I have a listening habit just as idiosyncratic that I’d like to share, and unlike the candy custom above, you can join in on the fun right this very minute! It has to do with cover songs. Often, when I find a cover I really like, I’ll listen to it, then listen to the original version, then the cover again, then the original again, cover, original, cover, original, over and over, until I absolutely, positively have to take my headphones off and and pay attention to something else. A little crazy, right? I’d say it’s like being a tennis spectator, glancing left and right to follow a rally, but if I’m being honest, it’s more like being the ball. And as nutty as it may sound, I could go on forever like that, comparing the songs, finding little differences in the phrasing of the lyrics, trying to imagine why certain decisions were made during the respective recording processes.
Wanna play a little cover tennis? C’mooooooon, it’s super fun. I’ve picked out three pairs of tunes, and I’ve even assigned a tennis player (two of whom are competing in the London Olympics) to each pair, based on how obsessed with them I’ve become. So let’s crack open a new tube of balls, take a sniff — because it’s the best smell in the universe — and get to thwackin’!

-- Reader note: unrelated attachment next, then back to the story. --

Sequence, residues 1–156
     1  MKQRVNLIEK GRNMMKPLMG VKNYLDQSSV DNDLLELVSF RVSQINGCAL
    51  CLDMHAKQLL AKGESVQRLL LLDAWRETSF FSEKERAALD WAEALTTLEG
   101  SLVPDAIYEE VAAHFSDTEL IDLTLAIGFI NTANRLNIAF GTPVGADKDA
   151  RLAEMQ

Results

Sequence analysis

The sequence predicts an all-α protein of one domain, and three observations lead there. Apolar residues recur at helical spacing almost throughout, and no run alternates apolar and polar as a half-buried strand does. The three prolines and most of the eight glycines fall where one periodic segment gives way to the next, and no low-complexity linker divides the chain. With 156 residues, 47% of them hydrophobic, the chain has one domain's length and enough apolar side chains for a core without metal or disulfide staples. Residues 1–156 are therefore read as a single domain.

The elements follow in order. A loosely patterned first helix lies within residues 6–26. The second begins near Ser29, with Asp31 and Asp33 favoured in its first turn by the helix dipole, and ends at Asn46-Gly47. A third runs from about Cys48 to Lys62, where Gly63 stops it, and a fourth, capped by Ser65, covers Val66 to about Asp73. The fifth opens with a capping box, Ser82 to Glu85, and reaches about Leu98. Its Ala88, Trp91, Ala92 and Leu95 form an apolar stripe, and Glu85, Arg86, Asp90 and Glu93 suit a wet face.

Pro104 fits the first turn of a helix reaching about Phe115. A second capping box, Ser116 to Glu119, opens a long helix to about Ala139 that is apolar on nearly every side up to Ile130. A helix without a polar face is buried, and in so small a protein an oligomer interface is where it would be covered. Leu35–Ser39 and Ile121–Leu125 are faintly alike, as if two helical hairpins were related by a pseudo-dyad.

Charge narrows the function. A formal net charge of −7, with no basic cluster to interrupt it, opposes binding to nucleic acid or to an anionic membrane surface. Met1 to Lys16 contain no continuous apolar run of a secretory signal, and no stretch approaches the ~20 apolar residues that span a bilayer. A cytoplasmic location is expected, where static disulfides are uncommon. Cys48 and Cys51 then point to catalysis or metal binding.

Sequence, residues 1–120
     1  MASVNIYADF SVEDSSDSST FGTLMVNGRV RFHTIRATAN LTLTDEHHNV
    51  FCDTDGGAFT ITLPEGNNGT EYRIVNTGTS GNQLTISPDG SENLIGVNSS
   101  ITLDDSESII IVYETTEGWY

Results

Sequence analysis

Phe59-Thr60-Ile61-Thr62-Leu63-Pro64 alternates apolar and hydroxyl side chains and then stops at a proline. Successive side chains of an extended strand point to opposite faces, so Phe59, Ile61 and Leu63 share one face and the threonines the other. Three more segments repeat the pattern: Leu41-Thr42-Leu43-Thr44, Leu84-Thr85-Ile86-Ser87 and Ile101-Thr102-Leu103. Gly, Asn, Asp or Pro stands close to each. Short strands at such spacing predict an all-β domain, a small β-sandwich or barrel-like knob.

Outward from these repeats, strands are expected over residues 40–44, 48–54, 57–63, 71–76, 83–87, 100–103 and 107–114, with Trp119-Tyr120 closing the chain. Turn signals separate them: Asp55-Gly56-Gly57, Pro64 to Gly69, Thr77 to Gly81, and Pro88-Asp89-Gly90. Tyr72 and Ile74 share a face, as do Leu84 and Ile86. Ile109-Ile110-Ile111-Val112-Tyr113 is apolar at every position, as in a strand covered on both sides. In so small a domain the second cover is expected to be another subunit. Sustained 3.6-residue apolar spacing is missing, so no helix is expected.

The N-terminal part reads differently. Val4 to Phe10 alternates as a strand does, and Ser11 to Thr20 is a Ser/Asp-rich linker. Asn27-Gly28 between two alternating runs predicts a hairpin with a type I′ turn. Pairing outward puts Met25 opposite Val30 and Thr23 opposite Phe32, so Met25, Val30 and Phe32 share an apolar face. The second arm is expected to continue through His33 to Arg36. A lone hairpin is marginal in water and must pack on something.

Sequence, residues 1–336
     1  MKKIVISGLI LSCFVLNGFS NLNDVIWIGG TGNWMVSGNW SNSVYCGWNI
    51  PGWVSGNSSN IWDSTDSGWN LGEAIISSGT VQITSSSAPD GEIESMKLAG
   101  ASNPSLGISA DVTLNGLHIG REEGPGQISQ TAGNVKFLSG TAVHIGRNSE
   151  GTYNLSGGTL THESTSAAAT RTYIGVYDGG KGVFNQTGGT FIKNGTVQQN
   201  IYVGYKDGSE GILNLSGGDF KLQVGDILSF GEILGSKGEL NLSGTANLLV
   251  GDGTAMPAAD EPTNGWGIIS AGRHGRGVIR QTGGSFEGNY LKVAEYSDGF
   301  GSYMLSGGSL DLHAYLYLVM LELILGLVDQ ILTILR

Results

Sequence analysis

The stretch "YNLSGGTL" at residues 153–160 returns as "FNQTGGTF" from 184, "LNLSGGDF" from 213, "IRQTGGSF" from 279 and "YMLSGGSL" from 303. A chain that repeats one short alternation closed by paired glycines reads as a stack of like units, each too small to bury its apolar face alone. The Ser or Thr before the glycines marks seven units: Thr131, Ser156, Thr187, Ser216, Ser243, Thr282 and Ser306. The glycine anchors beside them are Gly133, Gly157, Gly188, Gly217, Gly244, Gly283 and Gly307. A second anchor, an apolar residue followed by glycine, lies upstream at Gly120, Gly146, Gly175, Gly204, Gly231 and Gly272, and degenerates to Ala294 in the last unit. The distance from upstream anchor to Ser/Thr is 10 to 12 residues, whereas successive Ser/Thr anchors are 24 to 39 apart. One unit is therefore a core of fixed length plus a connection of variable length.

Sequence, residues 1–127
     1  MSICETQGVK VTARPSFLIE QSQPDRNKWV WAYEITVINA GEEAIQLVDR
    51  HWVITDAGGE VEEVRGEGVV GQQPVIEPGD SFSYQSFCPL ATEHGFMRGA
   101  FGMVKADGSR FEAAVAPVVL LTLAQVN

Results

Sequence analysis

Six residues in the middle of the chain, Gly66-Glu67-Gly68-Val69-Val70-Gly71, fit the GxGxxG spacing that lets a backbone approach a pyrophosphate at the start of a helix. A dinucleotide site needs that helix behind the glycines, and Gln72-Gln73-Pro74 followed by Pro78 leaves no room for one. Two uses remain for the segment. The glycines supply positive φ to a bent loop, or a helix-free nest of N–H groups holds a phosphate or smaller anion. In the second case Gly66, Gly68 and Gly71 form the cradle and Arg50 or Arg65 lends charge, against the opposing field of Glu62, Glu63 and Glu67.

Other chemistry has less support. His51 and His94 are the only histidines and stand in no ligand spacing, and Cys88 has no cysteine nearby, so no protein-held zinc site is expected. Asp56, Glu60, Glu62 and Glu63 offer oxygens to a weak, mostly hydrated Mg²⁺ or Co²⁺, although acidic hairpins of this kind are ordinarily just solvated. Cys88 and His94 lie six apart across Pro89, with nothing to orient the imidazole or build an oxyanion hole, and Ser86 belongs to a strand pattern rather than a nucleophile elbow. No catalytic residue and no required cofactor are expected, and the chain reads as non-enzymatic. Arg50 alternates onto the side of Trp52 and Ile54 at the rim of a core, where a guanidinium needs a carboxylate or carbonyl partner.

The best music conversations are the ones that never really end. They live on in the reminders you enter into your phone’s notes application — a band name you don’t want to forget or the title of a documentary that needs to be added to your Netflix queue. They pick back up thanks to the follow-up emails, tweets and texts in which the recommendee shares a reaction with the recommender, or the recommender finally remembers the album name that a few too many beers spirited away. They leave traces, like the stack of records that flew out of the crate because they demanded to be played (you can only talk for so long about how Exile on Main St. was recorded before you’re morally obligated to put it on).
Mrs. You Hear That and I hosted some friends from out of town over the long holiday weekend (the same friends who clued me into Moon Hooch a little while back), and our many music conversations — exchanges about Exile, the George Harrison documentary Living in the Material World, Jack White’s Blunderbuss and the mention of King Sunny Adé in Pitchfork’s vicious Body Faucet review — are still bouncing around the front of my brain, just as surely as the above-pictured records are still leaning against the side of my TV stand.
I have one more Nashville-related story, and then I swear I’ll stop. (You didn’t think I could squeeze 5 blog posts out of one 4-day trip, didja? Consider yourself lucky that I ran out of disposable daylight hours before I could visit the Ryman Auditorium and Country Music Hall of Fame and Museum.) To be honest, though, the events described in the paragraphs below could have taken place anywhere, not just in Music City, and that’s more or less the point I’ll be making.